Climate change is a global problem that demands global answers. As such, world leaders must build on the opening presented now, with the US re-joining the worldwide conversation under president Joe Biden, which was largely abandoned under the previous presidential administration.
The chance for international union with leading economies, particularly China, could level-set several problem areas critical to addressing climate change. Global standards are vital in a number of areas to tackle climate risks internationally, from rising sea levels, desertification of fertile land and more severe damaging storms.
Among the thorniest issues are the market-based, financial tools watered and grown to tackle climate change, beginning with uniform, international standards.
This level-setting for international standards goes beyond what environmental, social and governance (ESG) funds investors are filling with monies. But so-called ‘green’ or sustainable investments that claim to pursue environmental goals must be scrutinised.
The Biden administration, admirably, has already taken steps to tackle several climate change issues. Earlier this year, the president issued an executive order to require federal agencies to understand potential impacts of climate change on public and private institutions and assets.
Governments around the world are dealing with the numerous voluntary standards that currently exist while continuing to implement climate risk disclosure requirements. Biden should build on the White House order by pushing for harmonised, global standards under which company climate risk disclosures would be reported.
Read any financial publication, asset manager website or myriad, new ESG vendor reporting or measurement tools, and it’s obvious the market is supplying for this sustainable investing demand. ESG strategies claim to provide returns that offer ability to “do well while also doing good,” a clarion call for the virtues, and, benefits of investing in ESG strategies.
Alongside greater company climate risk disclosures, funds must more closely align to clear ESG metrics so investors must know more about what they are buying. Greenwashing risks for funds̶investments veiled as adhering to ESG metrics that indeed are misleading ̶remain. Clearer, standard metrics for funds and how these investments measure ESG impacts are needed.
Further research into whether ESG funds provide greater returns than counterparts over the long-term during in times of uncertainty and market stress is absolutely necessary. Proponents of greater ESG options point to research, particularly on millennials, that finds this generation is keen to invest in funds and causes for which they are passionate. That’s great, but investors with this long a time horizon need to take every advantage of their human capital, and need greater transparency into what they are buying to meet financial goals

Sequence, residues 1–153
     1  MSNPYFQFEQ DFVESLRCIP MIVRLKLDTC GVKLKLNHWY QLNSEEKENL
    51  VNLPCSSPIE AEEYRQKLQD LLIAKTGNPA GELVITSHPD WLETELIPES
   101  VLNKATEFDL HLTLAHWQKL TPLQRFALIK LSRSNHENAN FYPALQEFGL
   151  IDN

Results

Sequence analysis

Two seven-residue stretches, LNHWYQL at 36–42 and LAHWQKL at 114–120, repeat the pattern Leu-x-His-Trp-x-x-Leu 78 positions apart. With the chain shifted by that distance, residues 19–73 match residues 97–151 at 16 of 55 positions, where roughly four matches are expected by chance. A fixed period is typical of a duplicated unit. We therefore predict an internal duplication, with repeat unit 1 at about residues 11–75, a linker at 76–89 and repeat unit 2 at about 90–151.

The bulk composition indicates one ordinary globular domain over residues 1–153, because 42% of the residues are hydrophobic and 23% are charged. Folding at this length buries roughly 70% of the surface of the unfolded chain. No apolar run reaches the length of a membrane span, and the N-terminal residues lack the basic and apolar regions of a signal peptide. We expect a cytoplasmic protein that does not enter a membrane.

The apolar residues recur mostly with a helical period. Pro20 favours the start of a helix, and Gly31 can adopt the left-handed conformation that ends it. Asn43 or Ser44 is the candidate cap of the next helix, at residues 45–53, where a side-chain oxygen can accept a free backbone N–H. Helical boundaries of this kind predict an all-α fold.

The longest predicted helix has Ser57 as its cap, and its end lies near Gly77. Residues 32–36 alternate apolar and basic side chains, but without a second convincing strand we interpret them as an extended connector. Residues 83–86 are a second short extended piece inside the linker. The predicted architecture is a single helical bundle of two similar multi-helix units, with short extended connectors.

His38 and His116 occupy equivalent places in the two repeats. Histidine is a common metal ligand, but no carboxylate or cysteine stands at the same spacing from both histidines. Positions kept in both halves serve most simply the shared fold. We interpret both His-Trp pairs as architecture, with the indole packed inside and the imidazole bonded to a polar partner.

Some research claims to find that ESG strategies do provide better returns, fuelling the general perception that, in fact, ESG funds do provide outperformance over several years, and exceeded other options during the Covid-19 pandemic.
For example, a recent NYU Stern school of busines study found that a majority of 200 studies conducted since 2015 found that ESG increased returns. Studies like these have fuelled ESG investing interest, contributing to massive flows into sustainable investments.
But, not so fast, the jury may still be out on whether ESG investments really provide greater returns. An April report from Scientific Beta found no evidence that ESG strategies outperform others.
Instead, researchers found that “sector biases and exposures to equity style factors capture the returns of ESG strategies”.
“In addition, the analysis suggests that returns are inflated when investor attention to ESG rises.”
This isn’t to say that ESG funds don’t have value, far from it. Rather, authors wrote that the findings don’t question whether ESG strategies can offer substantial value to investors. “Instead, they suggest that investors who look for added value through outperformance are looking in the wrong place.”
Maybe when something seems like it could be too good to be true, it is. Investors may not like having to make these hard choices, and it’s likely not a zero-sum choice between supporting ones ideals or achieving returns that emulate or excel the broader market but investing, like almost anything else, is a matter of hard choices and balancing risk.
For certain̶to paraphrase Kermit the frog̶it isn’t easy being green. But, for ESG product providers that’s what they signed up for. Great claims, such as ESG strategies outperform demand clear evidence. Otherwise, we’re left spinning our wheels and never getting the clearest picture possible.
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